COMP 590-099: Introduction to Robotics

Spring 2011

Mondays, Wednesdays

Sitterson Hall 115

Prof. Ron Alterovitz

Office hours:


Bill Gates recently said "the robot industry is akin to the PC industry 30 years ago" and predicted that we will soon have "a personal robot in every home." Robots are having a significant impact on our daily lives and beyond, from autonomous cars driving on our highways to robotic vacuum cleaners in our homes to robotic surgery in our hospitals.

The objective of this course is to provide a hands-on introduction to robotics, with an emphasis on the computational and algorithmic aspects. The course will focus on algorithms that enable robots to effectively make use of sensory information from the environment and purposefully act upon it. Topics to be covered include robot kinematics, inverse kinematics, actuation, sensing, manipulation, control, and motion planning. The course will also discuss applications to personal assistance, autonomous vehicles, medical surgery, manufacturing, games, and other areas.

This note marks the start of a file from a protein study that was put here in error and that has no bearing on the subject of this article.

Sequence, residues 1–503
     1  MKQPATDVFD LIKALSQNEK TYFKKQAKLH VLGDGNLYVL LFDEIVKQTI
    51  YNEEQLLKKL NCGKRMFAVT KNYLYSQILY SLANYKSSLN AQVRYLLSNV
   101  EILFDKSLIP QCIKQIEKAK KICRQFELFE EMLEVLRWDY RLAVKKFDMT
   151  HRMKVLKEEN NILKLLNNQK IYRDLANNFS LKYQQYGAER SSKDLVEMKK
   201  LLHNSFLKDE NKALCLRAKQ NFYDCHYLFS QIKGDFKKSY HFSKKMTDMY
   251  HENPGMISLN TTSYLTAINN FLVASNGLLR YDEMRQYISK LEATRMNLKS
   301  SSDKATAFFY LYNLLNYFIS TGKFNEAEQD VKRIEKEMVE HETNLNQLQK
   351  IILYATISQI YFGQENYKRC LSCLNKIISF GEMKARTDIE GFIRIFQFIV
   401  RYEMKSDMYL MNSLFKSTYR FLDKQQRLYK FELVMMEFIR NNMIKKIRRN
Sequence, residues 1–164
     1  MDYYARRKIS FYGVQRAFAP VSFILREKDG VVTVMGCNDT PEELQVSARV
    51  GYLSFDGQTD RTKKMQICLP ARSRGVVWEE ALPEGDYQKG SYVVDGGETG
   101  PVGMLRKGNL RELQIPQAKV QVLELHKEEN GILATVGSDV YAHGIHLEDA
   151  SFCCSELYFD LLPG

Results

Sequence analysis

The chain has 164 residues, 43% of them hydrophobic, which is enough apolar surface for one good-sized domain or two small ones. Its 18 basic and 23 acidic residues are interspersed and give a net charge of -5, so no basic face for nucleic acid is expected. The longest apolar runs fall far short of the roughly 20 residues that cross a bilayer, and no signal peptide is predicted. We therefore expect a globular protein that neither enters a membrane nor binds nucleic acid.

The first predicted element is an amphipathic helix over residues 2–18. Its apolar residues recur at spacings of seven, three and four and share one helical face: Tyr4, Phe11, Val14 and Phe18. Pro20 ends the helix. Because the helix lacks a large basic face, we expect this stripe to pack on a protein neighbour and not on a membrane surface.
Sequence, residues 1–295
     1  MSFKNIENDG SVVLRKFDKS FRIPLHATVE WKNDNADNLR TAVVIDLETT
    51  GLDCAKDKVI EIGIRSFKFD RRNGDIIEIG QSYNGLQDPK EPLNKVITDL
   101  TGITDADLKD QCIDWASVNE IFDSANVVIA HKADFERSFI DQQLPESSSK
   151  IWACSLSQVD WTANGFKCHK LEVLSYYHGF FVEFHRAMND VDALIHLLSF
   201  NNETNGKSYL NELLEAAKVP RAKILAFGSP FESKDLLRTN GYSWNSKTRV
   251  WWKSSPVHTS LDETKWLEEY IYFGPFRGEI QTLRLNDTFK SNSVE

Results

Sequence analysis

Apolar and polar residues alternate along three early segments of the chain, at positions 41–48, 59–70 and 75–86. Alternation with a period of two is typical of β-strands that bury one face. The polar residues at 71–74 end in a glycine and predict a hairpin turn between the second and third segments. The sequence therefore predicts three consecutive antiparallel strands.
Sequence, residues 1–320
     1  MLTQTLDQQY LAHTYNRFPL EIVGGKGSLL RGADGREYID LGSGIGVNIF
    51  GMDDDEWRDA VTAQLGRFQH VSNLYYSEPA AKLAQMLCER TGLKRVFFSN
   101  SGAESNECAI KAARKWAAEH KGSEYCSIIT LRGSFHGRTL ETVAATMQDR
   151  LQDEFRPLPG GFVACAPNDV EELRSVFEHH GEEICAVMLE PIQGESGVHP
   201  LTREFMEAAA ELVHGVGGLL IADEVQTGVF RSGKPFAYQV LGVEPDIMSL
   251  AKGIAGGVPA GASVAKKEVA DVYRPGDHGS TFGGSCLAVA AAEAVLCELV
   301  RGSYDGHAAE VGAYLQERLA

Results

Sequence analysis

The course will feature a combination of lectures, assignments, and hands-on lab experiments. Students will have the opportunity to build, program, and test increasingly complex mobile robots using robot kits, culminating in an end-of-semester robot contest.

Who should enroll: Students with interests in robotics, motion planning algorithms, physics, engineering, computer vision, and graphics, as well as application areas such as those listed above. For Computer Science undergraduate majors, this course can be used to satisfy the Distribution Requirement for Applications.

Credits: 3.

Grading: 50% assignments/labs, 30% exams, 20% participation.

Prerequisites: Fundamental programming skills (COMP 401 and 410 or equivalent) are required. Algorithms (COMP 550) and some exposure to linear algebra are desirable but not required.

Required: Gregory Dudek and Michael Jenkin, Computational Principles of Mobile Robotics, Cambridge University Press, 2nd edition, 2010. (
Optional: John J. Craig, Introduction to Robotics: Mechanics and Control, Prentice Hall, 3rd edition, 2004. (